Spiced pickled peaches – A Sunday dinner tradition
This difficult year has made many of us nostalgic for times past — family gatherings under the pecan trees, Sunday lunches at grandma’s house, and food, especially special foods.
Lunch at grandma’s house usually included special foods like spiced pickled peaches.
When I was a kid, moms and grandmas canned spiced peaches every summer and then served them at Thanksgiving and Christmas. They were sweet, spicy, a bit tangy and the perfect accompaniment for ham, turkey and fried chicken.
I had such fond memories of these pickles that I decided to make some this summer. I was pleased to learn that spiced peach pickles are far less complicated and time consuming than cucumber pickles.
So gather all the ingredients, put on some favorite cooking music, clear the kitchen counters and you can have half a dozen jars made in several hours.
Here’s my basic recipe, which you can modify to suit your own preferences.
Here are a few tips for starters:
• to peel — immerse peaches in boiling water for several minutes and then place them in cold water; skins should slip off easily.
• adding spice — while spices could certainly be left in the vinegar syrup, they tend to discolor peaches if placed in the jars with the finished pickles.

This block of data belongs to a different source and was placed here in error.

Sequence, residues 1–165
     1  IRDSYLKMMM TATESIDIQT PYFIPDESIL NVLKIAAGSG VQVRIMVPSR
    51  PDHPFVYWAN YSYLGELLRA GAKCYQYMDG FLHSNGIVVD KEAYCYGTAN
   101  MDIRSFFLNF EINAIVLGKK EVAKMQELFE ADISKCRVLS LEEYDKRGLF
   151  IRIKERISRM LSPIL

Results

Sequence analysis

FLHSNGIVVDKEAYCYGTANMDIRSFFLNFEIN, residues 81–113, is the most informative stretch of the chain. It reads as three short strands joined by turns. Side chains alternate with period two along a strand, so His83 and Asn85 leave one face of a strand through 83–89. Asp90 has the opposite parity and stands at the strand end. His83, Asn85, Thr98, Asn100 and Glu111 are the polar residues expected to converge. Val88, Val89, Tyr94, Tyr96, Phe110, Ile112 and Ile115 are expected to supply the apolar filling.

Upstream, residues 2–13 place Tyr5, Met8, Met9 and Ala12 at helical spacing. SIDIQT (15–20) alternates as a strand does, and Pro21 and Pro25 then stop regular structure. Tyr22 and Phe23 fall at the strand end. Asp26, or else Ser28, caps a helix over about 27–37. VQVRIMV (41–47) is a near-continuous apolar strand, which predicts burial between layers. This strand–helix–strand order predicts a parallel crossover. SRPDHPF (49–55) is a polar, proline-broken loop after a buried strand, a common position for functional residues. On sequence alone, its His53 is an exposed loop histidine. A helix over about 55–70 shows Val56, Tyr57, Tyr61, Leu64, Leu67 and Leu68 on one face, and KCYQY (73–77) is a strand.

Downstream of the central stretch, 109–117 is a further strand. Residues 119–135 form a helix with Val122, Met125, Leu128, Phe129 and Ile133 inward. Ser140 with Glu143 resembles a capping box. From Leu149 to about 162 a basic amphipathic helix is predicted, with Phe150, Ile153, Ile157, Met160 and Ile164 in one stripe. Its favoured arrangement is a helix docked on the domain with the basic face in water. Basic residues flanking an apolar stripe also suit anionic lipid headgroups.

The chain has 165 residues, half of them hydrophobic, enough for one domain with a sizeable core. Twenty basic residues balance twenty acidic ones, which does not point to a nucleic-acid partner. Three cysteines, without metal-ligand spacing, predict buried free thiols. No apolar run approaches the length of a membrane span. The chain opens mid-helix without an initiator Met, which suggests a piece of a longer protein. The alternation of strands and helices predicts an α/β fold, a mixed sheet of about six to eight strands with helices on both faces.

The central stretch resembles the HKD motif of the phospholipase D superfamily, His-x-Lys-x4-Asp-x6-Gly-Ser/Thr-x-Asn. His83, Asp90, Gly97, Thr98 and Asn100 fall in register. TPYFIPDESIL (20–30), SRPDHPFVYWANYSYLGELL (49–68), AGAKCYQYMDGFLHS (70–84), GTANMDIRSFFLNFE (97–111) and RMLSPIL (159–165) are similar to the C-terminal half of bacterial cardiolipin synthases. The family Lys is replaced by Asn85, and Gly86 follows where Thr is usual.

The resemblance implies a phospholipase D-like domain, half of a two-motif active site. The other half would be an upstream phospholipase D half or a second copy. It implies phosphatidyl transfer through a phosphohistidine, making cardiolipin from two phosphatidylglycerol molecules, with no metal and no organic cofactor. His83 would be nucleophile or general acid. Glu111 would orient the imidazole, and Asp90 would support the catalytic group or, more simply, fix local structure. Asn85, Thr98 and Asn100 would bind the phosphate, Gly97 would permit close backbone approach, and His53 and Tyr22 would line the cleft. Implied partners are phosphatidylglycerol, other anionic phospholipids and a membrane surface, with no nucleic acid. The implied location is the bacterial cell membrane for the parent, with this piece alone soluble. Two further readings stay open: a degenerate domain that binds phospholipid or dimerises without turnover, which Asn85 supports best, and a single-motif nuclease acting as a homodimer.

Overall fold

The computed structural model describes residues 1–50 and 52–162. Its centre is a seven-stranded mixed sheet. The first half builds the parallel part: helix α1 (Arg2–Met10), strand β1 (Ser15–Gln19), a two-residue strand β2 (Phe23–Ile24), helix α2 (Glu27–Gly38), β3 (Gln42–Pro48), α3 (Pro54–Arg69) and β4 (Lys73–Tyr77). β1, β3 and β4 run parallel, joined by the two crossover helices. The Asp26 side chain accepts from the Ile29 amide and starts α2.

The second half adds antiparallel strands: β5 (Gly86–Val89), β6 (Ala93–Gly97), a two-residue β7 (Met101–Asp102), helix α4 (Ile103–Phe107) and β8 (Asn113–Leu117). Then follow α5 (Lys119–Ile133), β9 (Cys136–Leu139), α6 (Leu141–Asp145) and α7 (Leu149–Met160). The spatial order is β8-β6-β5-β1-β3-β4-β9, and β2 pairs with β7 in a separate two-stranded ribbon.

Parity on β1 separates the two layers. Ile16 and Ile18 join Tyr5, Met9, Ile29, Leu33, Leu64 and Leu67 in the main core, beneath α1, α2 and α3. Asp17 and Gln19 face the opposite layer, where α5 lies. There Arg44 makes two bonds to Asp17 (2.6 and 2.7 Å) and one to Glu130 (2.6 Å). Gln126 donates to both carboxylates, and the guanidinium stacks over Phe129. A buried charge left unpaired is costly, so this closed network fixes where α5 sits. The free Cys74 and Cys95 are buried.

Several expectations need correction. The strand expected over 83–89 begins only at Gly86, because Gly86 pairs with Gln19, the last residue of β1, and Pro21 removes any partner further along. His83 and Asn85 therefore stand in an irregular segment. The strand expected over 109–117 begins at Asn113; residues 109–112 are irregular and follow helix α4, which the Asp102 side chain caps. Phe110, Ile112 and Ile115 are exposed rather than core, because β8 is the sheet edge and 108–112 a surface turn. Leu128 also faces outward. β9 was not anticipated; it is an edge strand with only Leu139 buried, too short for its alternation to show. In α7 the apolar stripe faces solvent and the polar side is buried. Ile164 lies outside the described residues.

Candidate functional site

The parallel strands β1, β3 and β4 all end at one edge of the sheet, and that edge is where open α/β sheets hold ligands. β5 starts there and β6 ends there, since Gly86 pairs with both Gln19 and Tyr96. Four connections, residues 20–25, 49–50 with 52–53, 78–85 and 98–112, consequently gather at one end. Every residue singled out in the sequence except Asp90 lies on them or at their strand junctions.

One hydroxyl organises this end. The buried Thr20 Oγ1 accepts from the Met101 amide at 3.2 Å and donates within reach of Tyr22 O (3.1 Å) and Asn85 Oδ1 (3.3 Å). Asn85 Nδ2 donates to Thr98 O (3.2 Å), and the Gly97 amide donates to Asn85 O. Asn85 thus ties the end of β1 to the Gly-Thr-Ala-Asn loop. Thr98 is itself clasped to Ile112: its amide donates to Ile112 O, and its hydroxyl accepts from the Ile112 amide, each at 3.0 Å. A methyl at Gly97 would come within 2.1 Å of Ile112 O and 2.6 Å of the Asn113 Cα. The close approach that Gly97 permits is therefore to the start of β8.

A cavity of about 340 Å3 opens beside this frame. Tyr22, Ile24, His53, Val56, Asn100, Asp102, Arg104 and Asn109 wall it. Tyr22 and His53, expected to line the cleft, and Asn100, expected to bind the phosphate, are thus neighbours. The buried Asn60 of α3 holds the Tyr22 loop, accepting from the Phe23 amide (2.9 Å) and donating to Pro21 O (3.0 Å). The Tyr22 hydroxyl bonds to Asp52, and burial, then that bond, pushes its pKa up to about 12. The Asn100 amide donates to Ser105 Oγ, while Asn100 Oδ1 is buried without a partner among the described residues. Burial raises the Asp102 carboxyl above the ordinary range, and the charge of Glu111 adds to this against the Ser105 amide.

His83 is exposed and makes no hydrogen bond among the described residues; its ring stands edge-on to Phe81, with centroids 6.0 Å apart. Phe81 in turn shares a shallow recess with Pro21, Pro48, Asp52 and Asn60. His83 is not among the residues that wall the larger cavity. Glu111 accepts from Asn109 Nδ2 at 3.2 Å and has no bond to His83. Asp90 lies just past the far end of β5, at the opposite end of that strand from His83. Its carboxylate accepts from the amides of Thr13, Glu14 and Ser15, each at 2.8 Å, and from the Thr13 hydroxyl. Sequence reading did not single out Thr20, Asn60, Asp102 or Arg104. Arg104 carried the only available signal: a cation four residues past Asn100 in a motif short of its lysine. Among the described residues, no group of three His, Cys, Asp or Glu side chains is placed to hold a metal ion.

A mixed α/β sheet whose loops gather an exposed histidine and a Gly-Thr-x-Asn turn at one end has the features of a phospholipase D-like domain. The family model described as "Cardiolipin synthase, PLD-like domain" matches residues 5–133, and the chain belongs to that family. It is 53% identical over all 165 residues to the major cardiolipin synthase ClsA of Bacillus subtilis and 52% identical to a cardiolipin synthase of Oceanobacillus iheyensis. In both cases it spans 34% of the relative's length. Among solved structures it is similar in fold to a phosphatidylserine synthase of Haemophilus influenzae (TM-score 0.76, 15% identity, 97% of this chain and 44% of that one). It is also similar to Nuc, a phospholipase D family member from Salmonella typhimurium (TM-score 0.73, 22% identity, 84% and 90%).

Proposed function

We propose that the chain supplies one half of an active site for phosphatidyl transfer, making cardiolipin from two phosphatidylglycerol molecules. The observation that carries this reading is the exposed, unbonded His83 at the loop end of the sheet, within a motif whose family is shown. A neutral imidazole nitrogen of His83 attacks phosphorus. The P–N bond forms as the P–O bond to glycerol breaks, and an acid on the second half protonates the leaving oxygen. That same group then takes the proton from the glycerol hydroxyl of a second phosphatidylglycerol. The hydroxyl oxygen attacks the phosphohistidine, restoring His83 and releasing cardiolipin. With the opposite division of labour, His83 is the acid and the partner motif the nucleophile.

• jars — six sterilized wide mouth pint jars
SPICED PEACH PICKLES
• Six rings and lids to fit the jars
• 12 to 14 peaches (preferably freestone), peeled and cut in half, seeds removed
• Four cups sugar
• Two cups apple cider vinegar
• Assorted spices (I used three tablespoons whole cloves, two tablespoons whole allspice, six whole cinnamon sticks, three tablespoons black peppercorns, three tablespoons whole cardamom and a large knob of fresh ginger), all tied up in a triple thickness of cheesecloth.
Combine sugar, vinegar and spices in a large non-reactive pan and simmer for five to 10 minutes until the sugar dissolves and the liquid becomes slightly syrupy.
Pack the jars with peach halves and then fill with the hot vinegar syrup.
Wipe the rims of the jars with a clean cloth, put on the lids and rings; tighten the rings.
Place the jars in a hot water bath, cover and simmer 10 minutes. Remove the jars and place them on a wire rack to cool. Listen for the distinctive popping sound the lids make when they seal. Any jars that don’t seal will have to be reprocessed in the hot water bath or refrigerated for immediate consumption.
Although my mom and grandma wouldn’t have allowed anyone to taste their peach pickles for weeks, these peach pickles are excellent within about 24 hours.
How to eat them? With meat, on ice cream, with pound cake or mixed with plain Greek yogurt.
And definitely straight out of the jar when no one is watching.
Photos by Cynthia Wood.
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